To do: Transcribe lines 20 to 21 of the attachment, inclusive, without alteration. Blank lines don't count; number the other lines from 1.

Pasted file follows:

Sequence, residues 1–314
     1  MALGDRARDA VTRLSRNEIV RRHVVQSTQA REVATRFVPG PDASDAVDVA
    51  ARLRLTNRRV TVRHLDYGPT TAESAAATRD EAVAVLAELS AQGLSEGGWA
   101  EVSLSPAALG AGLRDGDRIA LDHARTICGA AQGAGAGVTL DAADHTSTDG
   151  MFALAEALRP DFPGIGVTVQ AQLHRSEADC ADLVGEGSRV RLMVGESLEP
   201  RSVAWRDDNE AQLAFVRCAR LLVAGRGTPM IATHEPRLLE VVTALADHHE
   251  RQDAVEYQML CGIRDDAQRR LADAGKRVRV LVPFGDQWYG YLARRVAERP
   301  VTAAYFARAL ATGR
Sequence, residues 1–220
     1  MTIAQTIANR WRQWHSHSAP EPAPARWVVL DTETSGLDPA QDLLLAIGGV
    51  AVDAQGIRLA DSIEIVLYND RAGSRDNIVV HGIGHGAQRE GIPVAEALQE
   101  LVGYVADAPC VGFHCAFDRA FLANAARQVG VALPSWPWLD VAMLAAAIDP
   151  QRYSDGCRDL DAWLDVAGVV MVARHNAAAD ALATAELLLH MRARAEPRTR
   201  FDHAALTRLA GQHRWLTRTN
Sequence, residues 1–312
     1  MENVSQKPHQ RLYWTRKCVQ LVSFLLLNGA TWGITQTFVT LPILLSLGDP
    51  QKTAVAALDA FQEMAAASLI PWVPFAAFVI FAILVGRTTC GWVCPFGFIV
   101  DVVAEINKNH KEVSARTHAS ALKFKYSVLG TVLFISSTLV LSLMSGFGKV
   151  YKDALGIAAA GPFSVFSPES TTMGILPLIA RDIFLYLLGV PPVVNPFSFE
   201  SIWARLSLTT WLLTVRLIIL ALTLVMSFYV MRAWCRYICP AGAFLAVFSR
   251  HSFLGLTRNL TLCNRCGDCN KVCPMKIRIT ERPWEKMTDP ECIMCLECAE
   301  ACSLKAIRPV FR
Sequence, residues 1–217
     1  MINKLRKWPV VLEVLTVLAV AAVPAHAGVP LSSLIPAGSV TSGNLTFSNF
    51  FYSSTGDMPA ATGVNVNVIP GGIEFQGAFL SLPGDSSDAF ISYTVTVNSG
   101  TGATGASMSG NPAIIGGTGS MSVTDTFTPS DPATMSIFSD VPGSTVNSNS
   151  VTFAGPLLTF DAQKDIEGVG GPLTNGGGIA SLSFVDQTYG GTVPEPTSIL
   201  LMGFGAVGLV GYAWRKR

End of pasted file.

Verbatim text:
   201  SIWARLSLTT WLLTVRLIIL ALTLVMSFYV MRAWCRYICP AGAFLAVFSR
   251  HSFLGLTRNL TLCNRCGDCN KVCPMKIRIT ERPWEKMTDP ECIMCLECAE